Victims of the Pittsburgh synagogue shooting were remembered by congregations Dor Hadash, New Light and Tree of Life on Wednesday, Nov. 4 and Thursday, Nov. 5 — 18 Cheshvon on the Hebrew calendar — marking their second yahrzeit.
The wider Jewish community was invited to participate in the commemoration at Torah study sessions Wednesday evening and Thursday afternoon taught by rabbis and guest teachers. The topics ranged from randomness and moral agency, to the legacy of Supreme Court Justice Ruth Bader Ginsburg, who died Sept. 18.
The breadth of Jewish thought and theology was represented by the speakers leading the study sessions and included the president of the Union for Reform Judaism, Rabbi Rick Jacobs; Reconstructing Judaism President Rabbi Deborah Waxman; Shuly Rubin Schwartz, chancellor of the Jewish Theological Seminary of America; and Conservative Rabbi Gordon Tucker. Two /rabbis with Pittsburgh connections also led study sessions: Rabbi Jonathan Berkun, whose father, Alvin Berkun, is rabbi emeritus at Tree of Life, and Dor Hadash Rabbi Cheryl Klein.
In addition to a private minyan observed by all three congregations, each marked the yahrzeit privately with individual commemorations.
New Light Congregation hosted a prayer service Wednesday evening during which the congregation unveiled a memorial board honoring Richard Gottfried, Daniel Stein and Melvin Wax, who were killed during the attack.
“It had actually been completed several months before, but we decided to wait until the yahrzeit for the unveiling,” said Stephen Cohen, co-president of New Light. “The plaques that are on the board are all the members of their families who have passed. We’ll add to it as the years go on. It was a very emotional service.”
Tree of Life also observed a traditional evening prayer service Wednesday evening followed by a martyology, or a catalog of martyrs, compiled by Rabbi Jeffrey Myers, in memory of Joyce Fienberg, Rose Mallinger, Cecil Rosenthal, David Rosenthal, Bernice Simon, Sylvan Simon and Irving Younger. The martyology included works by poets in response to Oct. 27, as well as other sources.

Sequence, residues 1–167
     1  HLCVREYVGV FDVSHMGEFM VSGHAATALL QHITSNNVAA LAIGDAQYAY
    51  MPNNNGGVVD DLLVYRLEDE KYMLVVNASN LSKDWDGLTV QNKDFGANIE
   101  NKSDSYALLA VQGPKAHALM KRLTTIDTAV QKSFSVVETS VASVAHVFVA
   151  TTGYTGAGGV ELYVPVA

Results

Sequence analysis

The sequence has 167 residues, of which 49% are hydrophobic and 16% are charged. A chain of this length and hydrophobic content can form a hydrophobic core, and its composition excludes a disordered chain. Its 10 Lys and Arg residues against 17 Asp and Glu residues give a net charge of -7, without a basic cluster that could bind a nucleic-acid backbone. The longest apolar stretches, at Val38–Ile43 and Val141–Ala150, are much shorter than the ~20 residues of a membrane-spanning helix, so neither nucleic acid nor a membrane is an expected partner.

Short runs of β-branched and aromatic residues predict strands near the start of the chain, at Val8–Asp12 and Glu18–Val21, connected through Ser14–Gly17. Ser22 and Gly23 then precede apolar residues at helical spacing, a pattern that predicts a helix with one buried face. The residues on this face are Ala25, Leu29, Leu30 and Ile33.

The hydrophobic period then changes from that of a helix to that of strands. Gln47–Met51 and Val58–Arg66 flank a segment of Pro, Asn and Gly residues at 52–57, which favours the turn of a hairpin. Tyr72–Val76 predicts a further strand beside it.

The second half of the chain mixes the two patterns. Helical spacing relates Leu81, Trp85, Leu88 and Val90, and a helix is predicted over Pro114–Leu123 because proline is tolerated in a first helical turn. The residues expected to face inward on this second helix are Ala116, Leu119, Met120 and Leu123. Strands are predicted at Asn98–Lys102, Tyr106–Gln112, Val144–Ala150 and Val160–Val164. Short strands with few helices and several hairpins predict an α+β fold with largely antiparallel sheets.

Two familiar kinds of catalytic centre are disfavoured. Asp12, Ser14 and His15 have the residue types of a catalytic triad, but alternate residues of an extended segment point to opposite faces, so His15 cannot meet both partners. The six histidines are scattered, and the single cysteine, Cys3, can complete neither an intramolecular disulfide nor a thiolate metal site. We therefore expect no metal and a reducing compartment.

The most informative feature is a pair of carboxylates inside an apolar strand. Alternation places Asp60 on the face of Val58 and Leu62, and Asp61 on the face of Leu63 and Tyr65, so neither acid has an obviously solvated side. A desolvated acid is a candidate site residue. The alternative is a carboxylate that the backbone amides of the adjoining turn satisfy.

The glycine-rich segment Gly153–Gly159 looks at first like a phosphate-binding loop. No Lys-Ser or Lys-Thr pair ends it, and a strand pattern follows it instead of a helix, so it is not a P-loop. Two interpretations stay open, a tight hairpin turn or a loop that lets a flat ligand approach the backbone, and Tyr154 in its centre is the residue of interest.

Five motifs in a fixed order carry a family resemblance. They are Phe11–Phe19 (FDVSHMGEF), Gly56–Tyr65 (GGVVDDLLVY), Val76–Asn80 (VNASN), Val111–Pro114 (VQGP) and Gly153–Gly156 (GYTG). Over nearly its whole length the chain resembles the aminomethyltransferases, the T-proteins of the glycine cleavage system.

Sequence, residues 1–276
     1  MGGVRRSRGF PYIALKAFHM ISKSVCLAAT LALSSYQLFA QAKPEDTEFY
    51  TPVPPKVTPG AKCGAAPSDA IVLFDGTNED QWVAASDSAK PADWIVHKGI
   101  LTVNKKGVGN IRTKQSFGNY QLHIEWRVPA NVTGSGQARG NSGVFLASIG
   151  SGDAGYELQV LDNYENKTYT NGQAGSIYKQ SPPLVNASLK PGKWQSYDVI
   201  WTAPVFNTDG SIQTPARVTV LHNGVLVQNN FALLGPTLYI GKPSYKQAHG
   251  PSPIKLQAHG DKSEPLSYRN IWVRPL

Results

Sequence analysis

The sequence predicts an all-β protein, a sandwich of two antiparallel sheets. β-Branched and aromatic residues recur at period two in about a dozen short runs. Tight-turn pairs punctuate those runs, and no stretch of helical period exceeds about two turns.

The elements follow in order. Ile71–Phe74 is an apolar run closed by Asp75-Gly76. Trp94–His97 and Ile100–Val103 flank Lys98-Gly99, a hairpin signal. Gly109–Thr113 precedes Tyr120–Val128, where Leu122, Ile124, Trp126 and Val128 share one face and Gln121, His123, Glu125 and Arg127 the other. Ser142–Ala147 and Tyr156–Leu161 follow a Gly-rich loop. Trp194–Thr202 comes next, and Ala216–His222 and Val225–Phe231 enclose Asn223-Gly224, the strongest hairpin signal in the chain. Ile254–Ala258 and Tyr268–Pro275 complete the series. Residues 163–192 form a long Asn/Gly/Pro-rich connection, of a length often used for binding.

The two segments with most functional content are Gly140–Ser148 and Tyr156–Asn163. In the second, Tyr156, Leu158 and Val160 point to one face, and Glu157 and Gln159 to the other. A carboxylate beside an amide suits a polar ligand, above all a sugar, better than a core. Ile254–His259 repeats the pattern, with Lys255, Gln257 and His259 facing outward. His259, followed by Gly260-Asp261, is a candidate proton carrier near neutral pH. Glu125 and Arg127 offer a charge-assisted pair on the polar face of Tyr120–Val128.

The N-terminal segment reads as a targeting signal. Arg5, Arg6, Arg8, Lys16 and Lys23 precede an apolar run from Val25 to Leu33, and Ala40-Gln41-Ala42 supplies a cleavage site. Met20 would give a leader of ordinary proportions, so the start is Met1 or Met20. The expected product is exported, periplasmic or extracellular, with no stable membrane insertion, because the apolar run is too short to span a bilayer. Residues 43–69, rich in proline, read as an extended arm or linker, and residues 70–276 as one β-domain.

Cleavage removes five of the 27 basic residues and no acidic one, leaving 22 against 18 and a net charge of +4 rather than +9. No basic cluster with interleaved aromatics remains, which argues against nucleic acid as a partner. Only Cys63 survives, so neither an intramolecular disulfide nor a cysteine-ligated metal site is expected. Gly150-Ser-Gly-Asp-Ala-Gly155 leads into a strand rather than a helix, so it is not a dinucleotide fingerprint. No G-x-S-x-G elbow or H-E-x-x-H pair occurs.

The interfaith service included Diocese of Pittsburgh Bishop David Zubik; Pastor Eric Manning from Emanuel AME Church in Charleston, South Carolina; Islamic Center of Pittsburgh Imam Chris Caras; Calvary Episcopal Church Rev. Jonathan Jensen; Rev. Liddy Barlow, executive minister of the Christian Associates of Southwestern Pennsylvania; and the wife of Mother Bethel AME Church pastor James H. McLemore, of the Hill District, who died in June.
“It was important to engage with faith leaders who reached out to us since day one and continue to give comfort, support and friendship, and reach back out to them in an expression of gratitude and to be able to show to the congregation that love is still there two years later,” Myers said.
Tree of Life member and Oct. 27 survivor Audrey Glickman attended the interfaith service.
“Everyone had a part in the service,” she said. “It was just so sweet.”
Thursday evening, Dor Hadash hosted a panel discussion immediately following sundown, concluding the yahrzeit for Jerry Rabinowitz, who was killed during the attack.
“The panel was about where do we go from here,” offered the congregation’s president, Donna Coufal. “It looked toward next year, to the third commemoration and where we want to be.”
Co-sponsored by Repair the World, 1Hood Media and the World Affairs Council of Pittsburgh, the panel included University of Pittsburgh law professor William Carter, University of Pittsburgh sociology professor and Dor Hadash member Kathleen Blee, and Tree of Life survivor and Dor Hadash member Dan Leger, who was shot and seriously wounded during the massacre.
New Light’s Cohen said the 10-day period between the Oct. 27 public commemorations on the Gregorian calendar and the Hebrew yahrzeit, was hard on the families of those murdered. He noted, however, that the extended period of remembrance gave the congregation time to honor the victims and to “remember the happy times we had together — the community, the families. It wasn’t just a one and done, but a day after day thinking about them.”
While the yahrzeit ended Thursday evening, Cohen said New Light’s remembrance culminated Sunday with the dedication of a memorial at the congregation’s cemetery in honor of the victims.
The Oct. 27 public commemoration and the Hebrew yahrzeit serve distinct purposes, said Myers.
“Oct. 27 is the Pittsburgh day of mourning,” he explained. “That’s our public day of mourning. Yahrzeit is a uniquely Jewish thing. We need time to reflect as a Tree of Life family, to observe together.”
“I like to quote my friend who says everything takes two years to heal,” said Glickman. “This is the two-year mark, so we should be on our way to healing.” PJC
David Rullo can be reached at firstname.lastname@example.org.